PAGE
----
About ten pages into this novel, I was bored. Why?
Because it’s not about anything.
Now, having no plot is actually an excellent plot, like Catcher in the Rye and Ulysses, but the difference between that and this is having a point. This doesn’t. It’s the Seinfeld of novels: clever and layered and complex and completely directionless. But unlike Seinfeld, not entertaining. At all.
The story centers on Sissy Hankshaw, who is a world class hitchhiker because she has oversized thumbs. Grossly oversized. They’re like German sausages, so whenever she sticks one out, she immediately gets a ride. Anywhere. Around the world. Up and down the US. She even taught Jack Kerouac a thing or two.
Now isn’t that ironically funny and absurd and amusing and ha ha hee hee and ho ho we’re really sticking it to the man with this absurd big thumbed babe hitchhiking all over the world by the power of her mutant thumbs and getting molested at 12 years old when she hitchhiked around Richmond her hometown but ha ha hee hee and ho ho that’s just one of those funny little absurdities when kids with big thumbs do all that anti-establishment hitchhiking, doncha know. And there’s naked cowgirls rioting on a dude/dudette ranch which they commandeer from the trans owner of a cosmetic company who has hired Sissy as a model because, despite the monster thumbs, she’s beautiful and somehow ends up on the ranch during the naked cowgirl riot. What’s the riot about?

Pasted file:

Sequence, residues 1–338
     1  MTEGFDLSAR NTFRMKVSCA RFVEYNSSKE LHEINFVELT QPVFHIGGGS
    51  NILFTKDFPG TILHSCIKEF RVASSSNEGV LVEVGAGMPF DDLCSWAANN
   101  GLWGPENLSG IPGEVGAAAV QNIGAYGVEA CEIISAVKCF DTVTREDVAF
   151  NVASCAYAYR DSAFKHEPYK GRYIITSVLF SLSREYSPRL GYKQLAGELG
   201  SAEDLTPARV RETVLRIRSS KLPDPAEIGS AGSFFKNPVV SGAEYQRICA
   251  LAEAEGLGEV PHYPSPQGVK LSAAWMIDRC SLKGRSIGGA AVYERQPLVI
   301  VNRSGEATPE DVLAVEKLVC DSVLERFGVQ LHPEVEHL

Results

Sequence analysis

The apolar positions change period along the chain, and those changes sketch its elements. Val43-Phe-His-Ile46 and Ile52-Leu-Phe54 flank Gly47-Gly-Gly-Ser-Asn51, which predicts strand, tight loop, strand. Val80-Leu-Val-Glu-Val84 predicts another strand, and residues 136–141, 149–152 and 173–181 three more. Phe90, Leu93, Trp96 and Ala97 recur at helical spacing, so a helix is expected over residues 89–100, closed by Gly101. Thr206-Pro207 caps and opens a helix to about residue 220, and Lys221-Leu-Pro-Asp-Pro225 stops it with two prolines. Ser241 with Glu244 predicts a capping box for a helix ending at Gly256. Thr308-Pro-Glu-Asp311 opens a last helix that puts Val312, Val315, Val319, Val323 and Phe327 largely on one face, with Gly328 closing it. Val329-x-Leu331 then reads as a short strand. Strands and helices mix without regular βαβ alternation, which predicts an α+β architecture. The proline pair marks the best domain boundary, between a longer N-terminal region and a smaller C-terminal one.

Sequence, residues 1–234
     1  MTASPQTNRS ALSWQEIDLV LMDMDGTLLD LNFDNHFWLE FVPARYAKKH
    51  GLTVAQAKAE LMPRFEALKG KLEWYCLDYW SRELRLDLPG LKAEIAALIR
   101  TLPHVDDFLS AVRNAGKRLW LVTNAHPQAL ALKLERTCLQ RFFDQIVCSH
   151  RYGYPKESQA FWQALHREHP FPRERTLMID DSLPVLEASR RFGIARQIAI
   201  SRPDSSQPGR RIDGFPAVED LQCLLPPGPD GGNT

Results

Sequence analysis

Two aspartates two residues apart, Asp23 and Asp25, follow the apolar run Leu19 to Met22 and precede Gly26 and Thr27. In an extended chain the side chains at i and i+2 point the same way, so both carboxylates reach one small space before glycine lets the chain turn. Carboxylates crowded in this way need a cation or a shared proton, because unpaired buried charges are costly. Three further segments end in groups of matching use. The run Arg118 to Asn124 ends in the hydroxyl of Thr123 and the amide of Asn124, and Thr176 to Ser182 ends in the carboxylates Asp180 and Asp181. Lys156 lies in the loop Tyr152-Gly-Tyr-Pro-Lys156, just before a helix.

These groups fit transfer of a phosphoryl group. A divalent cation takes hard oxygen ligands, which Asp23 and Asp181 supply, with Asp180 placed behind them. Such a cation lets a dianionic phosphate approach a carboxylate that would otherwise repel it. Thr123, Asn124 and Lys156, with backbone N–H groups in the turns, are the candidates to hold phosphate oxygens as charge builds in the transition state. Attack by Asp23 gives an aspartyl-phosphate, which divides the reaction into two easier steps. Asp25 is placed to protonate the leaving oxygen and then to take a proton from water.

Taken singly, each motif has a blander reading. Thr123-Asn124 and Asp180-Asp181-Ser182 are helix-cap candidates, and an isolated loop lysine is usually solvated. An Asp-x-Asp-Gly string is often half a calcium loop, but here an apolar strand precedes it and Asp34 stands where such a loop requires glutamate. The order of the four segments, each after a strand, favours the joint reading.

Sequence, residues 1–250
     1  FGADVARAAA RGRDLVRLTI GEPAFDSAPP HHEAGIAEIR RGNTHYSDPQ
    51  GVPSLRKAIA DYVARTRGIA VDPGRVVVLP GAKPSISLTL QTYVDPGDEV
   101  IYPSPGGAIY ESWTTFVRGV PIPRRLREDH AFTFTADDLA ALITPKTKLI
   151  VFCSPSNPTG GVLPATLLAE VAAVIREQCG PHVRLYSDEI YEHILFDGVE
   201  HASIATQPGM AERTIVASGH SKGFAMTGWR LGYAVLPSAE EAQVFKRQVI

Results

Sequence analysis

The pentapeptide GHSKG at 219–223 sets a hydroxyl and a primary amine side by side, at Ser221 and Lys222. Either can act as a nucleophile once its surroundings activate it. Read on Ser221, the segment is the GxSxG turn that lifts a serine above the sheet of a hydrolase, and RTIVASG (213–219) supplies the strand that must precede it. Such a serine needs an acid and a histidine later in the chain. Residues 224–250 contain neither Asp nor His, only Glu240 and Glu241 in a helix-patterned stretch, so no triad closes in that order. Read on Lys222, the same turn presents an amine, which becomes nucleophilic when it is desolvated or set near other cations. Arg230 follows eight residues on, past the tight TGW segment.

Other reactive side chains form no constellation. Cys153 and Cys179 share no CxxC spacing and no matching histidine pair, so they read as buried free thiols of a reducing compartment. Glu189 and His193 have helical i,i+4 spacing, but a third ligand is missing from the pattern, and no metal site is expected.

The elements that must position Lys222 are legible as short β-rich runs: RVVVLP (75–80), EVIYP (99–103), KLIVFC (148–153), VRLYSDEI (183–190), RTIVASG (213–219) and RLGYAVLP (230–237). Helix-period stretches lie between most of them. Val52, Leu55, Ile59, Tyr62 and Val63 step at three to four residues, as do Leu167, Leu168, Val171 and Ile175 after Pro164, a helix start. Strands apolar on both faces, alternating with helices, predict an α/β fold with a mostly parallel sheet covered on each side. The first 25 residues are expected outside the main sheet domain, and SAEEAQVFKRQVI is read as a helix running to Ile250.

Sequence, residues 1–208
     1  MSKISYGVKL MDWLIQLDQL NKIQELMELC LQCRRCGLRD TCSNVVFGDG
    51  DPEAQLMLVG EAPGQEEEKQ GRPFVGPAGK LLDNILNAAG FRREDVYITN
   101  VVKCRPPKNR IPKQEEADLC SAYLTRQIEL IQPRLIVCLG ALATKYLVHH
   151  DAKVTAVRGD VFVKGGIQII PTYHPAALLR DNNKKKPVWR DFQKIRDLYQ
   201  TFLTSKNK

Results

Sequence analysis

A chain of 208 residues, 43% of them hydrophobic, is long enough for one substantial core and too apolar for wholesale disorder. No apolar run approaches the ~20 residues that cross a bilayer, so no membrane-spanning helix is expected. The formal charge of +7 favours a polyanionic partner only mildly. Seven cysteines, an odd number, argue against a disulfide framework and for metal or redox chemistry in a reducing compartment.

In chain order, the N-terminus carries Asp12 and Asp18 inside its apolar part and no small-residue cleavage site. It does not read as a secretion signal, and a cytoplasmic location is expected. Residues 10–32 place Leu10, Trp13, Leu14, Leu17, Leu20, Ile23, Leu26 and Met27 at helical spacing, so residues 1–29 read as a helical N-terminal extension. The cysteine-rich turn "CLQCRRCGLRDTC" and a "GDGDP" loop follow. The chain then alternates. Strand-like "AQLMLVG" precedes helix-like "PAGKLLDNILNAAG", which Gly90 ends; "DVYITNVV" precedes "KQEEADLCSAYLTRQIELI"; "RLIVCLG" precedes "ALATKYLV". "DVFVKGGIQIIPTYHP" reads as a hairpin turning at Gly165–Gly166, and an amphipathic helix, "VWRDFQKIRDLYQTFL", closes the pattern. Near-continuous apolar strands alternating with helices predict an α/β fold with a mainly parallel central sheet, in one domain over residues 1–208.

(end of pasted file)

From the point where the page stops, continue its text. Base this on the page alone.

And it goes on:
Whooping cranes. And vaginas.